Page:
Far before the terms Native American or Indian were considered, the tribes were spread all over the Americas. Before any white man set foot on this territory, it was settled by the forefathers of bands we now call Sioux, or Cherokee, or Iroquois.

For thousands of years, the American Indian grew its customs and legacy without disturbance. And that history is captivating.

From Mayan and Incan ruins, from the mounds left in the central and southern regions of what’s today the U.S. we have learned quite a bit. It’s a narrative of beautiful arts and crafts and deep spirituality. Archaeologists have unearthed remarkably advanced buildings and public works.

While there was inevitable tribal conflict, that was nothing more than a slight blemish in the experience of our forebears. They were at peace with this beautiful continent and deeply plugged into nature.

 

The European Settler Arrives


european settlers arrive in americaWhen European leaders sent the first vessels in our direction, the goal was to explore new resources – however the quality of weather and the bounty of everything from timber to wildlife subsequently changed their tune. As those leaders learned from their explorers, the drive to colonize spread like wildfire.

The English, French and Spanish raced to carve up the “New World” by sending over poorly prepared colonists as fast as they could. At the outset, they skirmished with the surprised Indians of America’s eastern seaboard. But that shortly gave way to trade, since the Europeans who landed here learned their survival was doubtful with no Indian help.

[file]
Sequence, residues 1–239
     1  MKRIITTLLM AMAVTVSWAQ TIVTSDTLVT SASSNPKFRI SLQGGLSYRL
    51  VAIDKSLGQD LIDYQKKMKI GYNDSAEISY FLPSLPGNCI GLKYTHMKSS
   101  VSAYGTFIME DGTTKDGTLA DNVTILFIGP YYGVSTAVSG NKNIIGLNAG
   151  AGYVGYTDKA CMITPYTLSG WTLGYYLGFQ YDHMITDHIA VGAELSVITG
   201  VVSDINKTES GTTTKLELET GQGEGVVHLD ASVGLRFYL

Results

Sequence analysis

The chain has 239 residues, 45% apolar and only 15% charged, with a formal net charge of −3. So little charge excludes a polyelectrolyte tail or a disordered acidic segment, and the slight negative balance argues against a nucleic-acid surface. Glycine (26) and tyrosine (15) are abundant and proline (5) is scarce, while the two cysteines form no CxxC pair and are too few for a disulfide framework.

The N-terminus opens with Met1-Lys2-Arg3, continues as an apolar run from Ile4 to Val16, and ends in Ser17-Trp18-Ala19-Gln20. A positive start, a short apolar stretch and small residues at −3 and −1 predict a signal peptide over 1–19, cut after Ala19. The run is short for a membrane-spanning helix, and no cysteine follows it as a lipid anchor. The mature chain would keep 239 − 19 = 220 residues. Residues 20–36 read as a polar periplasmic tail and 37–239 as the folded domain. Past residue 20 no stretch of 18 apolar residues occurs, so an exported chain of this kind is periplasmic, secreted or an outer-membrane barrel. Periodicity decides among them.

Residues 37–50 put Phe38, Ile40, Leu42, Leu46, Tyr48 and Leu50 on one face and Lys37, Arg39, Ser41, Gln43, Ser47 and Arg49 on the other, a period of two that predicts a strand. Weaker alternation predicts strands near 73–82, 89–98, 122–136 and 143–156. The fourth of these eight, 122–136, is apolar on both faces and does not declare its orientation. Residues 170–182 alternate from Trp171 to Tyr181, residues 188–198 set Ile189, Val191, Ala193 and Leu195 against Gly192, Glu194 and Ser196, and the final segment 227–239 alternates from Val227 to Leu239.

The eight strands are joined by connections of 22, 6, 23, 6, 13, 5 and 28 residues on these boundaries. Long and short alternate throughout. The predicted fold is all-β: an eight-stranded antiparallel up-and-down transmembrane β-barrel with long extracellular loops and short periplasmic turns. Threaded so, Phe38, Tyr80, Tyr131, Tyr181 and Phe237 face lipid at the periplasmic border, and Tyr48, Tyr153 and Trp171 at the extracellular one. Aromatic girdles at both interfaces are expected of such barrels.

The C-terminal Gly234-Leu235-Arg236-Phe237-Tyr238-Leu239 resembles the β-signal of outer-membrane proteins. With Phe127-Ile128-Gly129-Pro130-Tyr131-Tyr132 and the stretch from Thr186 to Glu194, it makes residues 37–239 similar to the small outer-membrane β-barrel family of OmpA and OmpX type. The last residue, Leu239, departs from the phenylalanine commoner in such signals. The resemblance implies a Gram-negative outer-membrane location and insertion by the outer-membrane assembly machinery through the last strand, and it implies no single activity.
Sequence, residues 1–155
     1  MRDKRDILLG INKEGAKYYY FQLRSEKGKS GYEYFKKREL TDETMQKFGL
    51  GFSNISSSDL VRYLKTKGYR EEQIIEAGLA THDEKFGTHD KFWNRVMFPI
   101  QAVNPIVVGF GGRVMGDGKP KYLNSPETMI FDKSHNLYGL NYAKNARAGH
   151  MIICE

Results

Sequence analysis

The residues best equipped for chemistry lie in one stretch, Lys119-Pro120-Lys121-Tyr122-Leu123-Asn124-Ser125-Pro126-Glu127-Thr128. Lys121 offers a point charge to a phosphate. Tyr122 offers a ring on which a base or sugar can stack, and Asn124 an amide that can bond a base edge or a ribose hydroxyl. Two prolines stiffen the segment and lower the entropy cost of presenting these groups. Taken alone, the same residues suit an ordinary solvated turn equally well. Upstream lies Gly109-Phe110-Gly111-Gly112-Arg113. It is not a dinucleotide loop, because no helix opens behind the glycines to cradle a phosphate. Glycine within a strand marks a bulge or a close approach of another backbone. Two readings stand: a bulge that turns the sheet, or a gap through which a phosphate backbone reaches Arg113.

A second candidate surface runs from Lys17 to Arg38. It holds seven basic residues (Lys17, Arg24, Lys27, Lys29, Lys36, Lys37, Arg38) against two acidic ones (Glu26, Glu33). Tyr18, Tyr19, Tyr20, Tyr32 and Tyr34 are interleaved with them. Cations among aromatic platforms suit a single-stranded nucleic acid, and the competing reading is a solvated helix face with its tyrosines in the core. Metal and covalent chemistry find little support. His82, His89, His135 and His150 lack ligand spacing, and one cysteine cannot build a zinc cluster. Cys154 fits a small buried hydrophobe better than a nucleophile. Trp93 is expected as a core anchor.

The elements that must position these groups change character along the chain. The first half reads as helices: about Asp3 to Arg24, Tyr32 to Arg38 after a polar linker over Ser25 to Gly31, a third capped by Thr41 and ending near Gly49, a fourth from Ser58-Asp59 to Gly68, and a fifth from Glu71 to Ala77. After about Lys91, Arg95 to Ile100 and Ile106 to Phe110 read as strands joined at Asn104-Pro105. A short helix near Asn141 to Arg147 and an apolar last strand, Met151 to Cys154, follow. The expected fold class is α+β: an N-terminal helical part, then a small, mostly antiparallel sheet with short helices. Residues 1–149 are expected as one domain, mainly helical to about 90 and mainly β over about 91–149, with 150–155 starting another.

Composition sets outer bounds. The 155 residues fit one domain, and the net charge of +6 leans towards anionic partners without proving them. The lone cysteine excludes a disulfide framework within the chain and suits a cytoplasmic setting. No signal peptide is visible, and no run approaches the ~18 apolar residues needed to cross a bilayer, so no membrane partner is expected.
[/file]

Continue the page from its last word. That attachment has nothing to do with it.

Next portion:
Thus followed decades of comparative peace as the settlers got themselves established on American land. But the drive to push inland followed soon after. Kings and queens from thousands of miles away were anxious to locate additional resources, and some colonists came for independence and adventure.

They wanted more space. And so began the process of driving the American Indian out of the way.

It took the form of cash arrangements, barter, and notoriously, treaties which were nearly uniformly neglected once the Indians were pushed away from the land in question.

treaty at new amsterdam

The U.S. government’s policies towards Native Americans in the second half of the nineteenth century were determined by the desire to expand westward into regions inhabited by these Native American tribes. By the 1850s nearly all Native American tribes, roughly 360,000 in number, lived to the west of the Mississippi River. These American Indians, some from the Northwestern and Southeastern territories, were confined to Indian Territory situated in contemporary Oklahoma, while the Kiowa and Comanche Native American tribes shared the territory of the Southern Plains.